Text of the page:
While the September 4 enforcement date remains in effect for most businesses, this decision marks a critical development in the ongoing legal challenges to the FTC's non-compete rule.

The Ryan LLC court will make a final ruling on the merits by August 30. Given the strong language in the court’s opinion, the court will likely find the non-compete rule violates the APA. Whether the court issues a permanent nation-wide injunction at that time, however, is uncertain. Yet, even if the merits decision is confined to the parties, the court’s reasoning in Ryan LLC will likely be considered in similar cases challenging the FTC’s non-compete rule.

Other Cases on the Horizon: A Landscape of Uncertainty

As the Ryan LLC case unfolds, other legal challenges to the FTC's non-compete ban are pending. Of particular interest is ATS Tree Services, LLC v. FTC in the Eastern District of Pennsylvania. ATS Tree Services has also moved for a preliminary injunction, with Judge Hodge scheduled to hold a hearing on July 10.

The outcome of this case could have far-reaching implications. The court might issue a nationwide injunction, grant a limited injunction similar to the Ryan LLC case, or deny the motion entirely. Any of these outcomes would likely lead to further appeals, potentially culminating in a Supreme Court review.

This landscape of legal uncertainty underscores the complexity of the situation and the need for businesses to remain vigilant and adaptable as these cases progress.

Steps to Protect Your Company

Given the fluid legal situation, businesses should consider the following steps to safeguard their interests:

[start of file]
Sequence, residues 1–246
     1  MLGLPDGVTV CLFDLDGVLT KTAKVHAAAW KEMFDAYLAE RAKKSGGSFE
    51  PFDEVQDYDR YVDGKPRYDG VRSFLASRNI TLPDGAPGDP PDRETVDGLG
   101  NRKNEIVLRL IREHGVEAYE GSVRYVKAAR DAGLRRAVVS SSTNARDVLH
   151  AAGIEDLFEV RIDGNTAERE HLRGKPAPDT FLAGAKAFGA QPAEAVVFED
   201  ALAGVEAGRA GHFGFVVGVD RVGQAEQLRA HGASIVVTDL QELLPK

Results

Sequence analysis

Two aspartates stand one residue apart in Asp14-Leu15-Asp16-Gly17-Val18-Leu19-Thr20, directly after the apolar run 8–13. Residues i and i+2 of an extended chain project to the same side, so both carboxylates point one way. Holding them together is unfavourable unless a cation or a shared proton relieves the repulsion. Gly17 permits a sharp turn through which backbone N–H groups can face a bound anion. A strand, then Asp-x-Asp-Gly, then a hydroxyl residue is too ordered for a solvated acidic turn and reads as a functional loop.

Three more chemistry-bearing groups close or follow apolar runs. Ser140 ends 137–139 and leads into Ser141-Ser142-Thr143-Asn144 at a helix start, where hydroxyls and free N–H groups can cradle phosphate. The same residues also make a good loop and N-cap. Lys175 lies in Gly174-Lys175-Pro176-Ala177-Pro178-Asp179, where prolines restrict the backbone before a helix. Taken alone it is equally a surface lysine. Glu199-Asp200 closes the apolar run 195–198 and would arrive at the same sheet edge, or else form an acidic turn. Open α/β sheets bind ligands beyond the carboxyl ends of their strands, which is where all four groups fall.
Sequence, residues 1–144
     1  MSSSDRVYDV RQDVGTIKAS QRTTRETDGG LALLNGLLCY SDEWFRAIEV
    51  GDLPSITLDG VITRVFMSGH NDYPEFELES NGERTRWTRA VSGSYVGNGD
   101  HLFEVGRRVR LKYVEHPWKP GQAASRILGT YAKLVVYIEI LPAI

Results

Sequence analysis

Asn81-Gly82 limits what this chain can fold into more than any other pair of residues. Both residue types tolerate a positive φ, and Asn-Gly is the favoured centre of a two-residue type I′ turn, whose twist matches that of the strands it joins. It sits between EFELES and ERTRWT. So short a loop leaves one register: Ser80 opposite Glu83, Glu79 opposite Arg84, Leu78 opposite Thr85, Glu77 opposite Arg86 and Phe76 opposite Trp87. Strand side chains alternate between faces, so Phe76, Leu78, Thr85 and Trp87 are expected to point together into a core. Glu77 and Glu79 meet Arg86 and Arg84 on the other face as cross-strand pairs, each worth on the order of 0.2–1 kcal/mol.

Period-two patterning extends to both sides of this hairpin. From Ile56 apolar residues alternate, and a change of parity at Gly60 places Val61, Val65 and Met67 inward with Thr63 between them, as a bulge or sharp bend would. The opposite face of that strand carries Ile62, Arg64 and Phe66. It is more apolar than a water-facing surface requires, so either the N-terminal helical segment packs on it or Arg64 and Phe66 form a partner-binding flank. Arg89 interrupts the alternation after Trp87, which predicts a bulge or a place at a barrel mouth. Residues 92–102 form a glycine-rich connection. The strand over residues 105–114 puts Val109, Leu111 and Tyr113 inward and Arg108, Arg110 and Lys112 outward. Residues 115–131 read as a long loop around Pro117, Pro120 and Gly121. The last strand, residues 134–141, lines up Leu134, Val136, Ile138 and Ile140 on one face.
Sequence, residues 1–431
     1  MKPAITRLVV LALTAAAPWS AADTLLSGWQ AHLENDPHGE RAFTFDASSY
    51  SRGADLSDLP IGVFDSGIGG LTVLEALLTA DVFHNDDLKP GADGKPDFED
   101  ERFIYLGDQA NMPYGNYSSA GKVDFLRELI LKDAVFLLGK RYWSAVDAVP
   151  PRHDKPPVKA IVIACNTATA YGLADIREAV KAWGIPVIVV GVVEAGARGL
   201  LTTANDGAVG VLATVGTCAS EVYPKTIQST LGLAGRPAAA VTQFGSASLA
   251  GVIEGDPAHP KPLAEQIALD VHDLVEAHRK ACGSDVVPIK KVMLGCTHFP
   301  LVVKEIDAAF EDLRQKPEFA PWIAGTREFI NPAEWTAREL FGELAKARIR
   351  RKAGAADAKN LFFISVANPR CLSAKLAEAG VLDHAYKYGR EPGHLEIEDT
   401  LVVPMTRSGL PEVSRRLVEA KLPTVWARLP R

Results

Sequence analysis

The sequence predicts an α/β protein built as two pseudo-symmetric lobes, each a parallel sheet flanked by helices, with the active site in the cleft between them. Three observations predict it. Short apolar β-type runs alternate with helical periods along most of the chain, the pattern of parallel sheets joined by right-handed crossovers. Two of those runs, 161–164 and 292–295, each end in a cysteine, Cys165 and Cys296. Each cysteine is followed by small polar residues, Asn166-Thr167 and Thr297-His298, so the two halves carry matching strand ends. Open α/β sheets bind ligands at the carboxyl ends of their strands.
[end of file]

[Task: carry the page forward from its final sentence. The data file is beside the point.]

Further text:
1. Review employment agreements: Carefully examine existing contracts to identify non-compete clauses that may be impacted by the rule. Ensure these agreements comply with state law and be prepared to cease using them and notify affected employees by September 4, 2024. However, refrain from taking action until absolutely necessary, as ongoing legal challenges may alter the rule's implementation.
  2. Implement alternative protective measures: Proactively consider other means to protect legitimate business interests. These may include well-crafted non-solicitation agreements, garden leave clauses, non-disclosure agreements (NDAs), and robust trade secret protection policies.
  3. Stay informed about legal developments: With multiple legal challenges underway, remain vigilant about any litigation that could impact the rule's enforceability. Regularly monitor legal updates and adjust your company's policies and practices accordingly.

The Ryan LLC decision represents a significant development in the ongoing saga of the FTC's non-compete rule. While the September 4th effective date remains in place for most businesses, the legal landscape is rapidly evolving. We strongly advise continued preparation for the rule's potential implementation while closely monitoring these pivotal legal challenges.

Butzel’s Non-Compete & Trade Secret Team will be diligently monitoring the FTC rule and the associated litigation to block the rule’s enforcement. If you have questions or comments about the new rule or its impact on the agreements with your workforce, please contact the authors of this Client Alert or your Butzel attorney for further guidance.

Carey DeWitt 

Sarah Nirenberg

Blake Padget 

Michelle Cirino